STYLEPARK x BURGBAD
Glass with a system
“rgb” is the system’s name – and it premieres at the coming imm cologne 2019 at the Burgbad booth. Red, green, blue – the name already clearly points in the direction the designers have taken. Just in time for the start of the new year, Stefan Diez and Burgbad, world market leader for bathroom furniture, have joined forces to introduce a splash of color. And not just to bathrooms. As the modular system means that the panes of colored glass can be turned at the flick of a wrist into units that can be used in a multiplicity of ways, from chest of drawers to shelf to washstand. “rgb” is the first project in a planned “Capsule Collection” that will mark the beginning of a new focus for the Burgbad lines.
The transparency of the units posed a challenge to Stefan Diez and his team, as the visible technical items (such as hinges and screws) had to be formally integrated or simply avoided. “The simple things are often the hardest,” Stefan Diez comments. The sense of visual lightness is supported by the color of the glass that ensures the interior of the volumes seems uniform. “Order is created by the monochrome color of the content,” Diez explains.
His approach, which centers on revisiting given processes, thinking his way carefully and assiduously into complex tasks, and translating the insights into aesthetically and intuitively comprehensible results really appealed to Sabine Meissner, who heads marketing at Burgbad. She provided him with a precise briefing for the project: Assembling “rgb” had to be as self-explanatory and simple as possible. Formally strong, waterproof, uncomplicated, modifiable and sustainable. Otherwise, Burgbad gave Diez carte blanche: “Actually, it’s always the details that make a large step forward possible in the first place,” Diez remarks. The system will first go on view at imm cologne 2019 – but will not be completed in its entirety until the end of the year.
Just how much energy and sheer joy in creativity drove the development of “rgb” can also be witnessed at the Diez Office: “Yesterday evening we finished soldering the stainless-steel drawer racks,” says Stefan Diez and leads us to the welding table in his workshop in Munich’s Glockenbachviertel. Next to it, aluminum rails are being drilled on the CNC system. His assistant, industrial designers Tobias Lugmeier is busy fixing two rails parallel to each other on a wall. On the floor colored panes of glass stand upright, in protective blue foam mats. On the large worktop in the center of the room there’s a still life with tool, metal and glass.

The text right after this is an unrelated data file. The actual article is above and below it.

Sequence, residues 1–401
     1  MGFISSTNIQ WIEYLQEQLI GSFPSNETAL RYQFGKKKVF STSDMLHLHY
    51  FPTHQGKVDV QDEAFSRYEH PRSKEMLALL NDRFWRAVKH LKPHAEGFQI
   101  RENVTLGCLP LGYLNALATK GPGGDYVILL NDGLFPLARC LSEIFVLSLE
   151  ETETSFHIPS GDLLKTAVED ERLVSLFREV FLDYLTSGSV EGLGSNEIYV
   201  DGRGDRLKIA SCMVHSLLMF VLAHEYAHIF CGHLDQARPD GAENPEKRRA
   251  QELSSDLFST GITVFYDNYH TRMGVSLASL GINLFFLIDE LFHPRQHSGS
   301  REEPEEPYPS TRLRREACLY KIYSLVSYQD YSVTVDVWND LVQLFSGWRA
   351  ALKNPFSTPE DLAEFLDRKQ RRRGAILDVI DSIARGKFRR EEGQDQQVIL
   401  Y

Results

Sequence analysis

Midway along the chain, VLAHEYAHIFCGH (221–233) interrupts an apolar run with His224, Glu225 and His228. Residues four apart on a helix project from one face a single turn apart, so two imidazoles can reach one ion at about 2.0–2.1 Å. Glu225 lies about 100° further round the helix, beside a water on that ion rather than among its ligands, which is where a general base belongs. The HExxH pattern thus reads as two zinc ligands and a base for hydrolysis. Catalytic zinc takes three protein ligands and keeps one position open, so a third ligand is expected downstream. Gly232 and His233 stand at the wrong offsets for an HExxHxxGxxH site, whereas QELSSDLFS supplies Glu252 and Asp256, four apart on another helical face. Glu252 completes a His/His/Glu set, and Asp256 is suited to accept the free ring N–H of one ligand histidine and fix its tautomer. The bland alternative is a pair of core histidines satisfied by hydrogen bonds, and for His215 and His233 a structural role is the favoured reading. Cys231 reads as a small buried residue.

The designer takes an example to explain the function to us: two profiles of extruded aluminum are fastened vertically to the wall at the holes created using the drilling template. With a simple turn, the two panes of laminated safety glass click into the profiles. The surfaces then form the side walls and can be fastened to the wall without a rear wall being required. You then suspend the top, shelves or drawers in place in the glass profiles. If necessary, the unit can then be closed using a glass door. “The logic of the product can be changed completely using only a few pieces,” Stefan Diez concludes. Instead of shelves, for example, you can simply hang laundry baskets made of stainless-steel mesh between the two surfaces, or aluminum drawers. In fact, you can even hang stone slabs between the panes of glass. If you screw the wall profiles on horizontally, then you can fasten a mirror or aluminum shelves to them. The unit turns into a freestanding item of furniture by using a base element.
“rgb” cannot only be assembled quickly, but the elements taken apart again just as speedily. A decisive advantage for clients, Diez avers, as it means any desire to modify or expand the system can me swiftly met. The product’s flexibility will be on clear display at the international furniture and interior design fair – as the Burgbad booth concept was likewise devised by Stefan Diez. We’re allowed a glimpse of initial sketches for it – in the form of the presentation on his laptop: “rgb” in subtract, very homely rooms that emphasize the universal nature of the modular system. Elegant and pared down to the essentially, the modules look like standalones. “We want ‘rgb’ to radiate its full appeal at the imm cologne,” Sabine Meissner comments.